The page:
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Late 19th century


Oil refining
Oil refining

During the late 19th century, politics in Ohio were dominated by the state’s giant industrial interests. These businesses also wielded enormous influence nationally, helping to elect seven Ohio natives to the presidency between 1868 and 1923: Ulysses S. Grant, Rutherford B. Hayes, James A. Garfield, Benjamin Harrison, William McKinley, William Howard Taft, and Warren G. Harding. All but Grant and Harrison were Ohio residents at the time of their elections. All were conservative Republicans closely attentive to the interests of big business. Other Ohioans also played major roles in national politics. Marcus Hanna, a Republican Party leader, U.S. senator, and presidential adviser, forged a long-lasting alliance between the party and corporate business interests. John Sherman, a longtime member of Congress and cabinet official under President Hayes, wrote the Sherman Antitrust Act, landmark legislation passed in 1890 that banned corporate monopolies in restraint of trade.

On the state and local levels, the industrial interests controlled both major parties through political machines. Corruption, graft, and fraudulent election practices flourished. The interests of big business were protected, often at the expense of programs for public welfare. The evils of the political system were particularly manifest in the big cities, which increasingly were transformed into grimy, ugly slums. Big business was not omnipotent, however. Liquor interests were taxed in 1886, and in 1892 Rockefeller’s Standard Oil Trust, the first corporate trust, was declared an illegal monopoly by the Ohio Supreme Court, which ordered it dissolved. The company was re-established in New Jersey, and in 1911 the company was broken into separate corporations by an antitrust decision of the Supreme Court of the United States.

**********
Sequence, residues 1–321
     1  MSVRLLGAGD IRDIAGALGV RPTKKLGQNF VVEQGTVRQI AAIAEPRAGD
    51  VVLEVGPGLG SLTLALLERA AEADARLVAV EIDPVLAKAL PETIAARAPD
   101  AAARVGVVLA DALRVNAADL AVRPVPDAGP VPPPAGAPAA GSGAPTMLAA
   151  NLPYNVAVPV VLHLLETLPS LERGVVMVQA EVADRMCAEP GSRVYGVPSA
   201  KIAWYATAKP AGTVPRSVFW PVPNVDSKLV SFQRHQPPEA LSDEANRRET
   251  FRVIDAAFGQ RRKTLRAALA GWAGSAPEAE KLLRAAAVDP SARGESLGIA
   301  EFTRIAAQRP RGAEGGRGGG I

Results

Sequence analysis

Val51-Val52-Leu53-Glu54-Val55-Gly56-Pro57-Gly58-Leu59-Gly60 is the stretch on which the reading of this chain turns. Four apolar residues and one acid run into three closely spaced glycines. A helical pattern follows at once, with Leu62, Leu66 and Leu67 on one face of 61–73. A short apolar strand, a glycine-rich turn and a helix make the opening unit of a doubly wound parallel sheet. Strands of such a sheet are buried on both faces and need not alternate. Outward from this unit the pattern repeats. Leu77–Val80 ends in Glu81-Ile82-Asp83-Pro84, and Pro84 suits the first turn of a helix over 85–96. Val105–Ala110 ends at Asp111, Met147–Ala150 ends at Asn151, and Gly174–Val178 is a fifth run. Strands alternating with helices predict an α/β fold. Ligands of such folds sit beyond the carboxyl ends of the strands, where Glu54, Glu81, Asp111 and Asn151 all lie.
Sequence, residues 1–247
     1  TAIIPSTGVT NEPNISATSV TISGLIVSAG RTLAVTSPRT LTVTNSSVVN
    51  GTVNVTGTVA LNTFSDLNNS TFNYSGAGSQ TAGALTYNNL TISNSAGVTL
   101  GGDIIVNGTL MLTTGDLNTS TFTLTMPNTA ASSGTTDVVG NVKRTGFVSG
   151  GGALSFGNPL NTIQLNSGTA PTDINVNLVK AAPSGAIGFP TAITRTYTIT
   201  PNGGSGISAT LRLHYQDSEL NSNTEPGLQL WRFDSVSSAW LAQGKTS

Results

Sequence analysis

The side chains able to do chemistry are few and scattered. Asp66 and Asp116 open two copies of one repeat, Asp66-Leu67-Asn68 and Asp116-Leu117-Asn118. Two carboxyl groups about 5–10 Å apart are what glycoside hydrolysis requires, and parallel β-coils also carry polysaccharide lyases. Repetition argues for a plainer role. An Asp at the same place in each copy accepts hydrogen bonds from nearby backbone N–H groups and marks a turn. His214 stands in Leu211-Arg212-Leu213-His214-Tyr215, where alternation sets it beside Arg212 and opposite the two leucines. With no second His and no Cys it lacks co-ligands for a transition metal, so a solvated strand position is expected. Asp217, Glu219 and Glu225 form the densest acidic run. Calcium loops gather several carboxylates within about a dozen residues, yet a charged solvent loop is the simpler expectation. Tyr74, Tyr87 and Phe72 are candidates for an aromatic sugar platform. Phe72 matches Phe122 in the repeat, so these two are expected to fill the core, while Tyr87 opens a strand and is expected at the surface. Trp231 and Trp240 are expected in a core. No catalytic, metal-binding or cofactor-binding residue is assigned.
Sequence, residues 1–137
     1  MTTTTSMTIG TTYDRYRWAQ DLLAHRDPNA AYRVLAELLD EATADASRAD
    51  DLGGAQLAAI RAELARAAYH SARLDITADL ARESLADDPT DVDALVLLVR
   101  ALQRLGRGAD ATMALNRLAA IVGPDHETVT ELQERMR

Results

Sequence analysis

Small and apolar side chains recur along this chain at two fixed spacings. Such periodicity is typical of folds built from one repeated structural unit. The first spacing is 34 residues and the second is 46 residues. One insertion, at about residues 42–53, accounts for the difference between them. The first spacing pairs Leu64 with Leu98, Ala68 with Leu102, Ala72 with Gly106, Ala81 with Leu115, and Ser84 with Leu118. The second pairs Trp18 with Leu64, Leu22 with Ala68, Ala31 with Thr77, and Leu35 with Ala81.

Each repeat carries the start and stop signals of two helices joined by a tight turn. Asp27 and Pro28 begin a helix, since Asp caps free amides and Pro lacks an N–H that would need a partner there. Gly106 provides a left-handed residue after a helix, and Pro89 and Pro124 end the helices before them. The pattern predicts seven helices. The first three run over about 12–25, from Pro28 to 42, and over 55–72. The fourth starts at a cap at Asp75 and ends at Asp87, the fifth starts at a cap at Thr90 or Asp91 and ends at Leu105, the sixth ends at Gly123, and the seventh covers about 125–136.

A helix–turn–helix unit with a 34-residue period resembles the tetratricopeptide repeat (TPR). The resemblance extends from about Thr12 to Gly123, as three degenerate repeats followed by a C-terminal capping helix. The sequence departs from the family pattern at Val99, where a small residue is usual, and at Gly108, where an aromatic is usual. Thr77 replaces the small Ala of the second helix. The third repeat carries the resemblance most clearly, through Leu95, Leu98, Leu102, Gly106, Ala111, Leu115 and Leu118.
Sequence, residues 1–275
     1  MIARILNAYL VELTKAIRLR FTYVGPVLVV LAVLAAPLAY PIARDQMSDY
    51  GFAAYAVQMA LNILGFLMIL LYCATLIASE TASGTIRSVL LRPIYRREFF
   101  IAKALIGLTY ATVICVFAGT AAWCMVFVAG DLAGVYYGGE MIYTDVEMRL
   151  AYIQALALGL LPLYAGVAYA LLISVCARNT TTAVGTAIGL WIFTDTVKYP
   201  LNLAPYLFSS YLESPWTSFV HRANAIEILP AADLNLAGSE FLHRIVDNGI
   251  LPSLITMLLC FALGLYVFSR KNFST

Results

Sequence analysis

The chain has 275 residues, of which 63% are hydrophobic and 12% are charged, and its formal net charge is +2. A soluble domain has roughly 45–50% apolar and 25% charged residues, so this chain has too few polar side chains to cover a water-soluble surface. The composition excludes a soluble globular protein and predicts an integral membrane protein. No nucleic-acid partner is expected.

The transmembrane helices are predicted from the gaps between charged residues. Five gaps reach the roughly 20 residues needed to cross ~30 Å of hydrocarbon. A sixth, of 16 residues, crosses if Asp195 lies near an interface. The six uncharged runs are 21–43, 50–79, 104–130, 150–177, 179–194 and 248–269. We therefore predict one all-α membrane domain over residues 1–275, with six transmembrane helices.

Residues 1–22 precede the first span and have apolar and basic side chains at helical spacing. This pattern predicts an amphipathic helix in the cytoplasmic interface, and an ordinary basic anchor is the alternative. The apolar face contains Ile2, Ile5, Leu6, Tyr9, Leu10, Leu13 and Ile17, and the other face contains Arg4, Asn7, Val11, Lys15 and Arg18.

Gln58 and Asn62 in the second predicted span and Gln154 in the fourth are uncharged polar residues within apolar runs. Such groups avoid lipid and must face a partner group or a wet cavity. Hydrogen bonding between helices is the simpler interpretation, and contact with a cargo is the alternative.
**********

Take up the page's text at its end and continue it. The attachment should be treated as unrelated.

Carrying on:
Beginning in the 1890s, reformers came to power in Ohio, part of a national progressive movement that aimed to curb abuses by governments and industry and to improve life for workers, the poor, and other groups. Many Ohio reformers were elected by running independently of both major political parties, winning despite the opposition of entrenched political machines. Such progressive mayors as Samuel M. Jones and Brand Whitlock of Toledo and Tom L. Johnson of Cleveland instituted wide-reaching reforms. On the state level, reform efforts led to a constitutional convention in 1912, which produced 33 amendments that were approved by Ohio voters.

Included were amendments that established a merit system in state and local civil service and introduced such election reform measures as the initiative and referendum, which allowed voters to initiate and approve legislation, and the direct primary, in which voters rather than party bosses or conventions select candidates. The state legislature also passed important reform legislation, establishing a public utilities commission, modernizing the public schools, and creating a conservancy district, the first of its kind, to build a flood-control system after flooding severely damaged Dayton in 1913. "Ohio" © Emmanuel BUCHOT, Encarta, Wikipedia

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